A few years ago, I was delighted to see an geographer’s rendition of what a satellite image of California would have looked if such a thing existed in the 1800s (figure 1). Back then the southern San Joaquin Valley was swampy wetland surrounding Lake Tulare, the largest freshwater lake west of the Mississippi River. In the late 1800s, canals and dams were created to divert water from the rivers that fed into the lake to go supporting agriculture and the metropolitan areas of California. As the very shallow lake dried up, the lakebed was converted into was converted to agricultural land, mainly under cotton cultivation.
California and much of the wast have had far more precipitation than expected on the heels of years of drought. The existing canals and reservoirs in the watershed are overflowing and the dry lake bed with fields is getting flooded again; water doesn’t care about what is there now, it just flows downhill. Enter the 2023 version of Tulare Lake flooding farmland, roads, railways, towns, and other expensive infrastructure.
While it won’t return to its historic levels with one year’s snowpack, it’s likely that 100,000 acres (150 sq. miles) of farmland will be under water for two years, possibly more. This is a relatively lightly populated region, but some cities like Corcoran, CA (22,000 people) are on the edge of the old lake bed and might need to be partially evacuated as levees have failed to stem the tide.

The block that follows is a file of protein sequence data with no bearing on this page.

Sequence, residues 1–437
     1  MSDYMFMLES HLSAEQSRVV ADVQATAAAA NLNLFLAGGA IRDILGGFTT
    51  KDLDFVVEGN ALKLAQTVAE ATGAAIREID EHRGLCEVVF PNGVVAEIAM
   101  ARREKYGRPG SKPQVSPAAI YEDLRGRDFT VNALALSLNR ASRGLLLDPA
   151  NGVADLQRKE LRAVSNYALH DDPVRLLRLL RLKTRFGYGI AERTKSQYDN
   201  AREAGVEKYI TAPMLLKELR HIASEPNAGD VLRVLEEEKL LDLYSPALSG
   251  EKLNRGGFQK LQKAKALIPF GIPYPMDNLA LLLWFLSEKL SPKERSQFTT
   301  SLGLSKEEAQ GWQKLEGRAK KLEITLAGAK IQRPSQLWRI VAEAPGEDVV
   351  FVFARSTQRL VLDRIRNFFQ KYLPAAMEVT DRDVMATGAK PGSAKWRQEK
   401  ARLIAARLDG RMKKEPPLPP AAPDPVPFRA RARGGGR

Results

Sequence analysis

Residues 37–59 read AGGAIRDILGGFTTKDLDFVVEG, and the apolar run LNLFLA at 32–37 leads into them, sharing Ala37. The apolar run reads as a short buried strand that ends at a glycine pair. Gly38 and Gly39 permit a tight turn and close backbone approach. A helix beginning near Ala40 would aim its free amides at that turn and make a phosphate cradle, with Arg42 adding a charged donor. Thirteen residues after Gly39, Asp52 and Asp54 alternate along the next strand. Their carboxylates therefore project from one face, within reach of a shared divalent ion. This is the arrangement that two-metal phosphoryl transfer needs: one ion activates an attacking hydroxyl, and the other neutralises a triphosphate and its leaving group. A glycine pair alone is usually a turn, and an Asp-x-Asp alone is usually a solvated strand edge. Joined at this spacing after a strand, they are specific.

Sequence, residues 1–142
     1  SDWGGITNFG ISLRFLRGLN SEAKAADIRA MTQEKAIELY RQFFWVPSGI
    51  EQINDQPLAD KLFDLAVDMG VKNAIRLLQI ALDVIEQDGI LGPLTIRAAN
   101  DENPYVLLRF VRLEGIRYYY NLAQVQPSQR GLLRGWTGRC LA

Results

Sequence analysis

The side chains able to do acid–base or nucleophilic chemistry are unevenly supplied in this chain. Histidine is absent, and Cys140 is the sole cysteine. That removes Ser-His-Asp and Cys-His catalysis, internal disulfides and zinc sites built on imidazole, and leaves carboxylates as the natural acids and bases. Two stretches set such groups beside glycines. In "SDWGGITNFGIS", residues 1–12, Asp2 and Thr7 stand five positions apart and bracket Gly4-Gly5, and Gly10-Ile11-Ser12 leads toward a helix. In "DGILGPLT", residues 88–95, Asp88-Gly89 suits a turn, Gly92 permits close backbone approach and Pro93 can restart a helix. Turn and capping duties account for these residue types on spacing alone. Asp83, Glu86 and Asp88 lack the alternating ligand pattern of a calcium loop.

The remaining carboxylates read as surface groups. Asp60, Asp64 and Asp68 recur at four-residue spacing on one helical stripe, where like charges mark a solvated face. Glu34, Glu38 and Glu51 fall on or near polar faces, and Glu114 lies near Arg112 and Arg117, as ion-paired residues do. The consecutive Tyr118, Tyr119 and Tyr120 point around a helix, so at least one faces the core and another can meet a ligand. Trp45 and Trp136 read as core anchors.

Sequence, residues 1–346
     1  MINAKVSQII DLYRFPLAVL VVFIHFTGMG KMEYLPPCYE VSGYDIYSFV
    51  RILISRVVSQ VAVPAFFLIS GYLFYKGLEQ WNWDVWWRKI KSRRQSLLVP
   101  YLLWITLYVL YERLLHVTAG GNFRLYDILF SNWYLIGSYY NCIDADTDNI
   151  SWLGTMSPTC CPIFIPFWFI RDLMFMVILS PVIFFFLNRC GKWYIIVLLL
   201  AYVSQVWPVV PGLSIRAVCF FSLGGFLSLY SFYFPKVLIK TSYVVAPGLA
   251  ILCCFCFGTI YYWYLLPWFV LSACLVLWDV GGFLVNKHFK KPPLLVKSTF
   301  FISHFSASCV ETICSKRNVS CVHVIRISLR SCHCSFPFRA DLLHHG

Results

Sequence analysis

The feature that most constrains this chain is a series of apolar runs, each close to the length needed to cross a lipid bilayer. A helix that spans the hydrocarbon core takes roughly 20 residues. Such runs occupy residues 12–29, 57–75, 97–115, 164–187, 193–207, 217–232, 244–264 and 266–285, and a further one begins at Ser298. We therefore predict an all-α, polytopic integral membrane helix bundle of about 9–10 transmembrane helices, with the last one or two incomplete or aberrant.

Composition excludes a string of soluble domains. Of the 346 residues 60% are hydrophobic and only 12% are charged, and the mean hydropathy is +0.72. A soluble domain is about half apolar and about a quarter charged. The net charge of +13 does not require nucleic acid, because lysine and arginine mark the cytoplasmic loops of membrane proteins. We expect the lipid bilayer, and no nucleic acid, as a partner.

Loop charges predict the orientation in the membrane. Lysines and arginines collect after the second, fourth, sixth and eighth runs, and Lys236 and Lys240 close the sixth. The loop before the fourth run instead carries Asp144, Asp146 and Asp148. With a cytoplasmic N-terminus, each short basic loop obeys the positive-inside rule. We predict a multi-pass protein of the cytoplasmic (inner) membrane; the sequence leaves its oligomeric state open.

Agricultural companies and local towns are both trying to protect their lands from flooding to protect their infrastructure, equipment, homes, and people. At times, these goals are at odds with one another, and armed guards are protecting levees and hydrologic projects. Below are two videos that are good introductions to the topic of the reemergence of Lake Tulare.
Questions to Ponder: How has agriculture and urbanization modified your state’s geography? What are the positive impacts of these modifications? What are potential negative consequences of these modifications?
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